As building oversupply in Canada remains a cause for concern among some real estate watchers and big banks, the CMHC is suggesting that housing starts will be tempered in the next two years.
According to the Q1 2014 Housing Outlook report, the gradual increase in mortgage rates as well as a slow down in demand among first-time buyers will keep construction in check.
On an annual basis, housing starts are expected to range between 176,600 and 199,800 units in 2014, with a point forecast of 187,300 units, relatively unchanged from 187,923 units in 2013. In 2015, housing starts are expected to range from 163,200 to 206,600 units, with a point forecast of 184,900 units.
“With a relatively high number of units currently under construction, we expect builders will gradually adjust their activity in order to reduce their level of inventory,” said Mathieu Laberge, Deputy Chief Economist for CMHC, in the news release.
“Housing demand for resale market homes will continue to be sustained despite expected modest and gradual increases in mortgage rates toward the end of the forecast horizon.”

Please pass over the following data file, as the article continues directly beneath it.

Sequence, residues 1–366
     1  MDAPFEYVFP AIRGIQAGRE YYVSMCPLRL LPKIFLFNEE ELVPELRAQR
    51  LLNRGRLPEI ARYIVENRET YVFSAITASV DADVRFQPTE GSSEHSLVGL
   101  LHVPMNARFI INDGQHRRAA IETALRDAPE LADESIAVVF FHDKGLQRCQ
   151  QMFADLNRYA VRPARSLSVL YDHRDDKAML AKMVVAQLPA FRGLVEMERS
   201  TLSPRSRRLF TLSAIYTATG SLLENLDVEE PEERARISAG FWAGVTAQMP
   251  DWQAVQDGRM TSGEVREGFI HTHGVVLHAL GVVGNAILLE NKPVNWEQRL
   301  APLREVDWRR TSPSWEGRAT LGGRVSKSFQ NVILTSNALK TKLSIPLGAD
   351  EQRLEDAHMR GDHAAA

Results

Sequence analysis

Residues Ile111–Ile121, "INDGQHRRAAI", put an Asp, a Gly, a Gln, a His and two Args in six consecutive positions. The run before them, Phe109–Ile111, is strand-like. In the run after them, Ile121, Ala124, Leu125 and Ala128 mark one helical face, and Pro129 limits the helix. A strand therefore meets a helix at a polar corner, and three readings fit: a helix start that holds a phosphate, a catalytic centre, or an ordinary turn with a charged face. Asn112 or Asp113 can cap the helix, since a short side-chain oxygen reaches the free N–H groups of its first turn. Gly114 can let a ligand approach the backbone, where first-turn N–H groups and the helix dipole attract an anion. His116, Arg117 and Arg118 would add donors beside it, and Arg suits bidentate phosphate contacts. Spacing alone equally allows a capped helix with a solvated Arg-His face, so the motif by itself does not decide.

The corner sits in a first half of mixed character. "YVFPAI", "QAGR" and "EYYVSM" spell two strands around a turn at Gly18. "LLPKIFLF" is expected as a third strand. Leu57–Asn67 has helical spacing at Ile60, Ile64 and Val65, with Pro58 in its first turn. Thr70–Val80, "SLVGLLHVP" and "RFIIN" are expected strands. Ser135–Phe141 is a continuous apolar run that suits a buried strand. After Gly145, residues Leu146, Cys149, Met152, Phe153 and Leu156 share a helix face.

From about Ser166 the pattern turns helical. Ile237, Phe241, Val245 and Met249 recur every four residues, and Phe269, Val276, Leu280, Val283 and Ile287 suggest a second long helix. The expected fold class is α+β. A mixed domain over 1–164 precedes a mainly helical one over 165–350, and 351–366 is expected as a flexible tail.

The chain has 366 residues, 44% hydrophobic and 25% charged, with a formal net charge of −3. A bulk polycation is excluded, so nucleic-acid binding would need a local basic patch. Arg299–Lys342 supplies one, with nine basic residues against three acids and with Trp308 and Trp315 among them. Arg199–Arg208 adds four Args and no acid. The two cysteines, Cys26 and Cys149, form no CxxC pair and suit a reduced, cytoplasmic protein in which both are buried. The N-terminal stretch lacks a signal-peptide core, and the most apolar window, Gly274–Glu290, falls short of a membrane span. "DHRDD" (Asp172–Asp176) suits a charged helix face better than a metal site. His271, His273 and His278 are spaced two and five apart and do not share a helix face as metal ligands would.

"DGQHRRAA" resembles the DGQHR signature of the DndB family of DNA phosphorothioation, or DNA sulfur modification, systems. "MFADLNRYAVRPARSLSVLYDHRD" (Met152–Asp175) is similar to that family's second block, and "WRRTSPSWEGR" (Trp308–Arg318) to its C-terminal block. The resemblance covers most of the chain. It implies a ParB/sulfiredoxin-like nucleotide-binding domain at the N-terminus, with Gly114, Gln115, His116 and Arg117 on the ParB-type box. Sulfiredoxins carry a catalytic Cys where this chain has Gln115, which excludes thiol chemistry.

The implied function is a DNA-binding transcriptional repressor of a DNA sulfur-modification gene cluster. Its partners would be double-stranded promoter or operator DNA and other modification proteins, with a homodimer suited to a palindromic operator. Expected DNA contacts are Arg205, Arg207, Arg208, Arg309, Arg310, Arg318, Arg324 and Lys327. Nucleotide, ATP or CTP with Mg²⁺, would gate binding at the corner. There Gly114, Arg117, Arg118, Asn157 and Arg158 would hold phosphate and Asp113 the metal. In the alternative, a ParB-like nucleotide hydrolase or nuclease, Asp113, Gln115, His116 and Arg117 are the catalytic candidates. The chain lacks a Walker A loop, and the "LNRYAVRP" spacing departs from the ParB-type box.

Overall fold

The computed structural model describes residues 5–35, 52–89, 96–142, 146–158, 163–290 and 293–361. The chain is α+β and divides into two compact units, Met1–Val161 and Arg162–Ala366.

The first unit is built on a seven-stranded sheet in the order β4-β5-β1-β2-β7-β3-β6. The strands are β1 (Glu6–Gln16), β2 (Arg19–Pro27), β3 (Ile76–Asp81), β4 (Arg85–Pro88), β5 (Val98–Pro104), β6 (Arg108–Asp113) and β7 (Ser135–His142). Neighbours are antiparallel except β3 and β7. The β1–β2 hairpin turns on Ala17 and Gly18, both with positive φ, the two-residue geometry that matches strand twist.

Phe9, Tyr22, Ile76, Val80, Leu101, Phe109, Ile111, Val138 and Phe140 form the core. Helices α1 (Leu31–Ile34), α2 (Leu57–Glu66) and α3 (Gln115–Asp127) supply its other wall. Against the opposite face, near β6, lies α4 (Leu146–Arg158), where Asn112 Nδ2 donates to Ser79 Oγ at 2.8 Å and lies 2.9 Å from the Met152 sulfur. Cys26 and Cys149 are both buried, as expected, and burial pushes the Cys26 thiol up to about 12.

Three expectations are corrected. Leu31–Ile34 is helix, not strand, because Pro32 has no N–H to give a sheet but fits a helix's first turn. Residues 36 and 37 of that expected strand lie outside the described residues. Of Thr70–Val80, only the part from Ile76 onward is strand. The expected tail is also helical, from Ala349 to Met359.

MLS sales are expected to range between 436,000 and 497,000 units in 2014, with a point forecast of 466,500 units, up from 457,485 in 2013. In 2015, sales are expected to range from 443,400 to 506,000 units, with an increase in the point forecast to 474,700 units.
The average MLS price is forecast to be between $380,100 and $400,700 in 2014 and between $384,300 and $409,900 in 2015. CMHC’s point forecast for the average MLS price calls for a 2.1 per cent gain to $390,400 in 2014 and a further 1.7 per cent gain to $397,100 in 2015.
The average price for a Canadian home is also expected to rise at a rate near inflation, reaching $390,400 and $397,100 in 2015, with increases of 2.1 per cent and 1.7 per cent, respectively.
The CMHC predicts starts will moderate in seven of the provinces while Alberta, British Columbia and Quebec are expected to see gains in 2014.
In 2015, housing starts are expected to pick up steam in Manitoba and Quebec while British Columbia is expected to see starts flatten. The remaining provinces should see starts moderate.
For more details, check out the tables below…